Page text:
The finding of potentially toxic levels of “forever chemicals” in restaurant packaging by Consumer Reports last month has unleashed what some predict will be a wave of lawsuits — despite efforts by restaurant chains to phase out use of the toxins.
At least two lawsuits filed in late March targeted McDonald’s Corp., and one filed in early April focused on Burger King. Attorneys say both the recent report and growing regulatory activity barring the use of per and polyfluoroalkyl substances, or PFAS, in consumer products will likely spark a rise in class-action filings.
PFAS refers to a category of some 9,000 substances that are used to make paper or containers more grease resistant. Called “forever chemicals” because they virtually never break down, the chemicals are also used for nonstick cookware, as a flame retardant and for waterproofing clothing. For years, lawsuits have cropped up around the country involving PFAS in drinking water and cosmetics.
In a report in March, Consumer Reports tested more than 100 packaging products from 24 large national restaurant chains and grocery stores, finding that nearly half had at least one product with high PFAS levels in some items, including Arby’s, Burger King, Cava, Chick-fil-A, McDonald’s, Nathan’s and Sweetgreen.
The recent lawsuits also cited tests in 2020 by advocacy group Toxic Free Future, which also found high levels of PFAS in restaurant and retail packaging
Restaurant chains, however, say they have already begun efforts to phase out packaging that has PFAS, and some accelerated their efforts following the Consumer Reports article. But, given supply chain challenges across the industry, the switch to packaging with lower PFAS levels could take time.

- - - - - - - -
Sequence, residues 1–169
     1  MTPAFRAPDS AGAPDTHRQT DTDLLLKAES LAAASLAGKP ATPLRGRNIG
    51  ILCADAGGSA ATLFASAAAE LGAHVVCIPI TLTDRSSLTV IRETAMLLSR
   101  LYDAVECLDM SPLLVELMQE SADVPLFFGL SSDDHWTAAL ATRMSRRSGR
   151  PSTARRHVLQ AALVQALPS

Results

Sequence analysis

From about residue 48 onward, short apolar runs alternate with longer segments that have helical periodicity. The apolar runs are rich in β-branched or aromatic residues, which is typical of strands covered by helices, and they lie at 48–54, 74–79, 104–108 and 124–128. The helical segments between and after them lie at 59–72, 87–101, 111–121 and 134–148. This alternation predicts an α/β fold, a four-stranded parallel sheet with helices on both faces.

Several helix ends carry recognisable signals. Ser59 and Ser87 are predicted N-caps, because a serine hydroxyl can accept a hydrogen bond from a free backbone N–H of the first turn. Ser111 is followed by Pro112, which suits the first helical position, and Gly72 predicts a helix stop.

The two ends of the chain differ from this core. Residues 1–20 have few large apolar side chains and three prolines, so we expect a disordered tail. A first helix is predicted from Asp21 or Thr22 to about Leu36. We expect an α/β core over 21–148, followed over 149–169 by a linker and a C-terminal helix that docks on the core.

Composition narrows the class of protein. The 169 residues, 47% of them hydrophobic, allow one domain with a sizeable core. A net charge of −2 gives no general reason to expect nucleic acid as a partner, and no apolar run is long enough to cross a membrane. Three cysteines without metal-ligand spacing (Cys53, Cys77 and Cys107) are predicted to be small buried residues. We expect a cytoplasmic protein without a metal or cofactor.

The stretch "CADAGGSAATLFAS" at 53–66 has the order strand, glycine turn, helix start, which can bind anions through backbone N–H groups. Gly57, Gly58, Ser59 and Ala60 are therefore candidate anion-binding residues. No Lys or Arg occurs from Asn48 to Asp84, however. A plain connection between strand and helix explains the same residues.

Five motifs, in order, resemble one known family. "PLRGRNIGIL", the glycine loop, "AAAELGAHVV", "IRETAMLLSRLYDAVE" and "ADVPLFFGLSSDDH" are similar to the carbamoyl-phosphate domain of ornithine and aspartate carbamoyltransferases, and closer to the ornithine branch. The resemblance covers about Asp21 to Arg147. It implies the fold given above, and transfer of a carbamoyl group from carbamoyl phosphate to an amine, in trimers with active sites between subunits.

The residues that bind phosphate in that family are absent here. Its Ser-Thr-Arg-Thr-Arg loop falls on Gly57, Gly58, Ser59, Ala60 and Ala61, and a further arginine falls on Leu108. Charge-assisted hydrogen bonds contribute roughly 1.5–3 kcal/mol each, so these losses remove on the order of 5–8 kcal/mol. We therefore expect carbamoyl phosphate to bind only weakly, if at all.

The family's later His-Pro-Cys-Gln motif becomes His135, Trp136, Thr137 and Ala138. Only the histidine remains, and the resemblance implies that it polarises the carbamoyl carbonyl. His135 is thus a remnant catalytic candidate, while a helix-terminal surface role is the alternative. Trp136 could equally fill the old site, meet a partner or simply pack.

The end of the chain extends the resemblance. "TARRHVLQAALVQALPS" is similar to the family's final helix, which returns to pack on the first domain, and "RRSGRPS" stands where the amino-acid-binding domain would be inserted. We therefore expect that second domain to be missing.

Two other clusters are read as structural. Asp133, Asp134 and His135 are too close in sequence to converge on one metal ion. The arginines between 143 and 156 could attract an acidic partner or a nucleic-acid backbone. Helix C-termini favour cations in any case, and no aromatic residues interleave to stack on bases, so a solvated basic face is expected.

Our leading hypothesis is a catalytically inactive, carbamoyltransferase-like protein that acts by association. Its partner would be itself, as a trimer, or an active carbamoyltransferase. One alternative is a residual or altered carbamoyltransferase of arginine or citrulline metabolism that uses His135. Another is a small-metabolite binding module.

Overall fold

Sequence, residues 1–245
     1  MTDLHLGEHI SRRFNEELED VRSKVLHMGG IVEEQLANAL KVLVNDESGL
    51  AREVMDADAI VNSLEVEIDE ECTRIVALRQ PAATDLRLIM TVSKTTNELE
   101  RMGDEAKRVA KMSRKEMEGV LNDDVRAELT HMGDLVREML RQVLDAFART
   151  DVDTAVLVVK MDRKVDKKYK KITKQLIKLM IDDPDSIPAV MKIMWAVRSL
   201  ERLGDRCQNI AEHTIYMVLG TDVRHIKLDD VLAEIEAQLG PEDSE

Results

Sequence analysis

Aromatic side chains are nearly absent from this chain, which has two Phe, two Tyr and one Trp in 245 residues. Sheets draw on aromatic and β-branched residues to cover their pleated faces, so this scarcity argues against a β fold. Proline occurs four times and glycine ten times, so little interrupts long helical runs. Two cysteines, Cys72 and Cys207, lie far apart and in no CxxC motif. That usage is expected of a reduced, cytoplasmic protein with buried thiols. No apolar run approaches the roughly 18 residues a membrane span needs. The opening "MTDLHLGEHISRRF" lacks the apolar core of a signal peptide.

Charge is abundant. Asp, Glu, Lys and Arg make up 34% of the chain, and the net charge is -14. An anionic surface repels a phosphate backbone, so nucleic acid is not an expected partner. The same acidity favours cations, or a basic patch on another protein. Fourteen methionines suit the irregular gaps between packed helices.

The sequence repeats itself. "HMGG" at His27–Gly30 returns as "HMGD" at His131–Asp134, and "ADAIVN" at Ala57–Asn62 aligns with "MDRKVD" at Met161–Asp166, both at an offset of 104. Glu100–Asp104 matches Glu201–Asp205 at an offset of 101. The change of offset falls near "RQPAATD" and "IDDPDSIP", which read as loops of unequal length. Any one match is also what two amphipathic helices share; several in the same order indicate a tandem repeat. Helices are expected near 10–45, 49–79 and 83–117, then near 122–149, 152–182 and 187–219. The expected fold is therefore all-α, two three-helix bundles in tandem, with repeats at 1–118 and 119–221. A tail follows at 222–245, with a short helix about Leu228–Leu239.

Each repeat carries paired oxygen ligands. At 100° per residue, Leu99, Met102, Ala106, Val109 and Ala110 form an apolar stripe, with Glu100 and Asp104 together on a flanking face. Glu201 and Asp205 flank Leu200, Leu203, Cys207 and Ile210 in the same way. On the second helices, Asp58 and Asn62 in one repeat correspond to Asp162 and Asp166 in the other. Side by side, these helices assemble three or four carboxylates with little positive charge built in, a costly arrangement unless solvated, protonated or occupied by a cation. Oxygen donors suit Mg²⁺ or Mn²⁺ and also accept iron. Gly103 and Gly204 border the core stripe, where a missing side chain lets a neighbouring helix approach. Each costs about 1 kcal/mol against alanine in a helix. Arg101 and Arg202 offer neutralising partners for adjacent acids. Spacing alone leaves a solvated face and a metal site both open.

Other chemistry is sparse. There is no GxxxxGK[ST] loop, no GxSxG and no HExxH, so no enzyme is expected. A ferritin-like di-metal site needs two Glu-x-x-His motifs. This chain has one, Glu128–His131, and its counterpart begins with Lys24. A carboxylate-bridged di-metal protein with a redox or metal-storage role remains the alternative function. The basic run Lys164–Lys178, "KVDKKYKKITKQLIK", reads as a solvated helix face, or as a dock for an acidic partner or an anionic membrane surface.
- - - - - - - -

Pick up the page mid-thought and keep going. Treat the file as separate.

The lawsuits filed against McDonald’s and Burger King seek class-action status and are similar in their arguments. Rather than saying exposure to PFAS has caused specific harm, which would be more difficult to prove, the lawsuits charge the restaurant brands with fraud, misrepresentation and false advertising for claiming the food they serve is safe.
In a lawsuit filed March 28 in the U.S. District Court for the Southern District of Illinois, for example, plaintiff Larry Clark charged McDonald’s Corp. with exposing American consumers to high levels of PFAS in product packaging, arguing that exposure is most dangerous for young children and pregnant women. In the complaint, Clark refers to a “host of health effects associated with PFAS” outlined by the Centers for Disease Control and Prevention, including cancer, liver damage, decreased fertility and increased risk of asthma and thyroid disease.
In the complaint, Clark charges McDonald’s with fraud and deceptive business practices, among other charges, for violating its food-safety pledge.
Similar allegations are made in a lawsuit filed on March 30 by plaintiff Ken McDowell, who lives in California but sued McDonald’s Corp. in the U.S. District Court for the Northern District of Illinois, because the chain is based in Chicago.
On April 11 in U.S. District Court for the Northern District of California, plaintiff Azman Hussein sued Burger King Corp. with a similar complaint, pointing to the chain’s recent efforts to promote its use of “real ingredients” with “no secrets,” and sustainable packaging.
Neither McDonald’s nor Burger King immediately responded requests for more comment on the lawsuits. Both companies, however, have pledged to eliminate PFAS from packaging by 2025 or sooner.
In a recent blog post, attorneys with the law firm BakerHostetler predicted more personal injury class-actions against fast-food restaurants and food packaging manufacturers will arise, in part because of a ruling in an Ohio federal court involving a drinking water case against chemical manufacturer DuPont that certified a class-action to include state residents with PFAS in their bloodstream.
The case is under appeal, the blog notes, but the plaintiff’s attorneys successfully convinced the court to see PFAS as similar to asbestos and tobacco — two of the largest personal injury actions in U.S. history — which “could have significant consequences for how subsequent PFAS class actions are litigated and defended,” the blog said.
Contact Lisa Jennings at [email protected]
Follow her on Twitter: @livetodineout